CBT is usually goal-focused - your therapist will ask you to describe a goal you have (for example, being able to talk to strangers without feeling anxious) and will structure your therapy towards achieving that goal. Because of its short-term and goal-focused format it's very easy to measure the success of CBT. This has led some organisations to conclude it is 'better' than other types of psychotherapy. It's probably fair to say that CBT is very effective at addressing specific symptoms such as anxiety, obsessions or phobias - but it doesn't address the underlying issues that may have caused them. 

     

  • Attachment theory - our early experiences with our parents/caregivers shaped our ideas about relationships and the world around us and gave us rules for living. People often come to therapy when they realise that these rules aren't working for them, and they want to explore different ways of doing things, or relating to people.

Hilary is also interested in Internal Family Systems Therapy and Narrative Therapy. 

Internal Family Systems Therapy suggests that we have different parts of ourselves that can override the wisdom of our 'self' by creating problematic behaviours. However, these parts have good intentions for us and are ultimately trying to protect us - most often from being overwhelmed by our feelings of sadness or fear.  

Narrative Therapy suggests that the negative stories we tell about ourselves cause us to build up a self-fulfilling prophecy and to disregard any evidence that contradicts our story. These stories may have come from others or from conventions in society that might label us as 'bad' or 'a failure'. By considering alternative stories, we can look for evidence in our lives that contradicts our old story. Together, you and your therapist can author your 'preferred story', taking into account your strengths and highlighting the evidence that disproves your old narrative.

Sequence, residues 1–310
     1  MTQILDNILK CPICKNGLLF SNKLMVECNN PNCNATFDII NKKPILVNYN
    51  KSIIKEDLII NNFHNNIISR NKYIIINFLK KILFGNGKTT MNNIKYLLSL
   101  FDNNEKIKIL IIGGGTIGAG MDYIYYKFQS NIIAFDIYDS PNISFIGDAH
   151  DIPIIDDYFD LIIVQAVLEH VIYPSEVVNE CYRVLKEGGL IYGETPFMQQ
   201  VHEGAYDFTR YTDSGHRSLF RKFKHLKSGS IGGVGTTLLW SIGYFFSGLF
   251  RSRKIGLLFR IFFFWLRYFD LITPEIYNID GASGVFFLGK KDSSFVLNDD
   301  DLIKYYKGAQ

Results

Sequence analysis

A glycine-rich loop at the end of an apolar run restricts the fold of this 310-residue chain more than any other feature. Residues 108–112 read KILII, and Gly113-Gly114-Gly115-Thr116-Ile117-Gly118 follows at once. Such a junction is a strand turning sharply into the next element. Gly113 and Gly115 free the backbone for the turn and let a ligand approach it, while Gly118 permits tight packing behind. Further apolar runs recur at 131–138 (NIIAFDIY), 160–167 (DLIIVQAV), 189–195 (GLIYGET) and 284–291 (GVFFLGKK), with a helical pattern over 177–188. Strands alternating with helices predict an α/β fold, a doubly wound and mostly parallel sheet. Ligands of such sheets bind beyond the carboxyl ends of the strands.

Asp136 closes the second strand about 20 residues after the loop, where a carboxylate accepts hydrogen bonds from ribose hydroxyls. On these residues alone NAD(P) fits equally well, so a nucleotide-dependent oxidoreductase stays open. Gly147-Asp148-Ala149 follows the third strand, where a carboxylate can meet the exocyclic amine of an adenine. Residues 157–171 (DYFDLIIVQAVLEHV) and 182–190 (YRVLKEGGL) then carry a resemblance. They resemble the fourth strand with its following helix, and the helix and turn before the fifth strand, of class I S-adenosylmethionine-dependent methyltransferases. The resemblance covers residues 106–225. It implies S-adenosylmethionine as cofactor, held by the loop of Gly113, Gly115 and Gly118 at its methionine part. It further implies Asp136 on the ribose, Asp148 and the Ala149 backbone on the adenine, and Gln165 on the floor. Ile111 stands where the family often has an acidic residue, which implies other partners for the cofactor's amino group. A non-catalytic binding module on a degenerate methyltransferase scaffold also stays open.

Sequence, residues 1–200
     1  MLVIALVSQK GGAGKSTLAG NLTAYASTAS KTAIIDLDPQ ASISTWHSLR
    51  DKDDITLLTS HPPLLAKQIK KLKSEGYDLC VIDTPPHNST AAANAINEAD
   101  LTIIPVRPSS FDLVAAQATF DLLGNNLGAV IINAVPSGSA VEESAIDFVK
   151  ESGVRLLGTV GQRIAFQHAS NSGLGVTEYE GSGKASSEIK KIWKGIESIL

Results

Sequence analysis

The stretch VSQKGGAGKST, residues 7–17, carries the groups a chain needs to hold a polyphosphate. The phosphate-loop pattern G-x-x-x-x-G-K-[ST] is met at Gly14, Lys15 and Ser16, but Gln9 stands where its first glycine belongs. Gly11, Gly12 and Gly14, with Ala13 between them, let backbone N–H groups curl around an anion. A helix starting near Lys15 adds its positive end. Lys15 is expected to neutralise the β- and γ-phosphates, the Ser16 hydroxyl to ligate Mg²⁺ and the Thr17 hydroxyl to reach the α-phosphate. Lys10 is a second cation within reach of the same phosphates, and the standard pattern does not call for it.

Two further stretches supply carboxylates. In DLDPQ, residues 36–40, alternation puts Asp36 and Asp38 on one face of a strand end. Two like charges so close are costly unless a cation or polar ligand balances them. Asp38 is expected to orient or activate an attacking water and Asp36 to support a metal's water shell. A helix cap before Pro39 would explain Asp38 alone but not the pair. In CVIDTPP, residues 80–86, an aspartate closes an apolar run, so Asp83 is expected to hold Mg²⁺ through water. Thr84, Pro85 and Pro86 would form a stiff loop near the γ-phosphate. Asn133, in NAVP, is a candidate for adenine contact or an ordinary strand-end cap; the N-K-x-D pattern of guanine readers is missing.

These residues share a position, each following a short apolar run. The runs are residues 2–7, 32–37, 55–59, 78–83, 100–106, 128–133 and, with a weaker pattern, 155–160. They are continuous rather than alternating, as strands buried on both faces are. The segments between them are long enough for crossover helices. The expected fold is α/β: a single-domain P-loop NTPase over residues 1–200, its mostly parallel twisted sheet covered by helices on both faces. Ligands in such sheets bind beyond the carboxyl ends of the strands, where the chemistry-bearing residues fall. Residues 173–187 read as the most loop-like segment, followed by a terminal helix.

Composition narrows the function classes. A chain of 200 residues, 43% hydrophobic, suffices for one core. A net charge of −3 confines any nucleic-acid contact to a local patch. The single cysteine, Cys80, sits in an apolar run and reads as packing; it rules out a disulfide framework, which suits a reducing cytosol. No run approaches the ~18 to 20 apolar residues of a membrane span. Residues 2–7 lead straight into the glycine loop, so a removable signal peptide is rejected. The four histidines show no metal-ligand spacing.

Both Internal Family Systems and Narrative Therapy believe that you are the expert and the author of your own life, so they are kind and empowering.

 

What will happen in the first session?

The first appointment is more structured than subsequent sessions. Your therapist will ask a series of questions to gather information about you, the support you have, medical conditions, suicidality and previous experiences of counselling/psychotherapy, as well as an initial exploration of the reasons that you decided you might benefit from therapy. The therapist will explain how psychotherapy works and will be able to answer any questions you have.

 

How many sessions will I need?

This will depend on the complexity of your situation and whether you want to address the immediate symptoms you face, or to work at depth. However the number of sessions will always be your choice. You are free to continue with therapy as long as you feel that it benefits you. Similarly, if you feel that it's not helping you then you are welcome to end the sessions. 

 

Are my sessions confidential?

Yes. There are just 2 situations in which a therapist might not be able to keep what you have shared confidential:
 

1. if they believe you are planning to harm yourself or others

2. if you reveal that a child or other vulnerable person is in danger

 

If either of these situations arise, the therapist will discuss with you the best way forward.